Loyola University Chicago

College of Arts & Sciences

Spotlight On: NSF Winners

National Science Foundation grants to eleven College of Arts and Sciences faculty provide over $3.9 million dollars for research in fields ranging from biology, psychology, and mathematics and statistics, to computer science and particle physics.

Eleven faculty members in the College of Arts and Sciences at Loyola University Chicago were awarded National Science Foundation (NSF) grants in the latest round of NSF funding (please see below list of faculty and projects). The awards to College of Arts and Science faculty provide over $3.9 million dollars for research in fields ranging from biology, psychology, and mathematics and statistics, to computer science and particle physics. Three of the Loyola faculty members received the prestigious CAREER Award, which is spread out over five years.

The NSF grants spotlight the range of research expertise of faculty in the College of Arts and Sciences across the natural sciences, computational sciences and technology, and the social sciences. These projects advance and deepen knowledge in their fields, support direct and indirect research costs, and provide numerous opportunities for students to become involved in basic research. They are examples of what we can achieve as we work in the College and across Loyola to deepen research capability among diverse disciplines.

The National Science Foundation funds research and education in science and engineering, through grants, contracts, and cooperative agreements. The NSF accounts for about 20 percent of federal support to academic institutions for basic research.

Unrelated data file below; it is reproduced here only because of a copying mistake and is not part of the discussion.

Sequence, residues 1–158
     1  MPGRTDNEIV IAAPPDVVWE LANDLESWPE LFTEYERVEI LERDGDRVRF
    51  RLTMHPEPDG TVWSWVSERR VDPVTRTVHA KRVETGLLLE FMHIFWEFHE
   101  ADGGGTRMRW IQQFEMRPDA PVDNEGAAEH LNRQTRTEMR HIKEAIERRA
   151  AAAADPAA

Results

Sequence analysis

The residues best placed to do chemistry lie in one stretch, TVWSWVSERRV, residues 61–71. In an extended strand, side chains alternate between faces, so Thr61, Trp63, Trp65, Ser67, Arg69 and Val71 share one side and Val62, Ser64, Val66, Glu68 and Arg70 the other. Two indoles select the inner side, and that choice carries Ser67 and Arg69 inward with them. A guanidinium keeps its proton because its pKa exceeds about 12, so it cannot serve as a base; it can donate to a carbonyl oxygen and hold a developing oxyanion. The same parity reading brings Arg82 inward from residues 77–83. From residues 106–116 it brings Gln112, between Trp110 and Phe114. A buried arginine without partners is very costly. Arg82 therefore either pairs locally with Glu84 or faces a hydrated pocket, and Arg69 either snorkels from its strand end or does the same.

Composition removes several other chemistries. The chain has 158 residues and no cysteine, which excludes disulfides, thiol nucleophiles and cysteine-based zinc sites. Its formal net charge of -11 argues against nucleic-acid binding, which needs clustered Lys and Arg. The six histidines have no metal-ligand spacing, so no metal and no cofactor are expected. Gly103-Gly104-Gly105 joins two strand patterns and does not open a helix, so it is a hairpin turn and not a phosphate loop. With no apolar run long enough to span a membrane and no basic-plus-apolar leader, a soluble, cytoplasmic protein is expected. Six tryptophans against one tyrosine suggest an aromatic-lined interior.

“These amazing scholars and their prestigious NSF grants serve as the embodiment of our shared goal of strengthening and expanding a grant culture throughout the College of Arts and Sciences,” says Peter J. Schraeder, Dean of the College of Arts and Sciences. “The key is to pursue external grants to fund research projects at a variety of levels that otherwise would not be possible, including faculty research projects within departments or across departments and even schools, encouraging our PhD students to apply for external grants to fund their dissertation fieldwork, and otherwise including graduate and undergraduate students in our externally funded grant projects.”

This year’s NSF grant recipients are:

Rasha Abbasi, Assistant Professor, Department of Physics: “Downward Gamma Ray Showers from Natural Lightning” Read More

Brian Cannon, Associate Professor, Department of Physics: “CAREER: I. The Local and Global Effects on Genomic Architecture by Defects Induced in Repetitive DNA Domains, and II. Development of Integrative Curriculum in Physics” Read More

Dan Cavanaugh, Assistant Professor, Department of Biology: “CAREER: Circadian Control and Integration of Feeding and Metabolic Rhythms in Drosophila” Read More

Eric Chan-Tin, Assistant Professor, Department of Computer Science: “SaTC: EDU: Collaborative: Personalized Cybersecurity Education and Training” Read More

Catherine Haden, Professor, Department of Psychology: “Collaborative Research: Making Space for Story-Based Tinkering to Scaffold Early Informal Engineering Learning” Read More

Dali Liu, Associate Professor, Department of Chemistry and Biochemistry: “Developing Switchable Electrophiles As Specific Covalent Protein Modifiers” Read More

Graham Moran, Professor and Carl Moore Endowed Research Chair, Department of Chemistry and Biochemistry: “Collaborative Research: The Chemistry of Riboflavin Biosynthesis” Read More

Thomas Sanger, Professor, Department of Biology: “CAREER: The Developmental Regulation of Amniote Skull Diversity” Read More

Brian Seguin, Assistant Professor, Department of Mathematics and Statistics: “Conference: Society for Natural Philosophy Meeting: Microstructure, Defects, and Growth in Mechanics; Chicago, Illinois; September 13-15, 2019” Read More

Yoel Stuart, Assistant Professor, Department of Biology: “EAGER: Effects of Radiation on Life History in Resurrected Daphnia Lineages Exposed to Fallout from 1950s Atmospheric Nuclear Testing” Read More

Walter Tangarife, Assistant Professor, Department of Physics: “Intersections Between Dark Matter and Neutrinos.”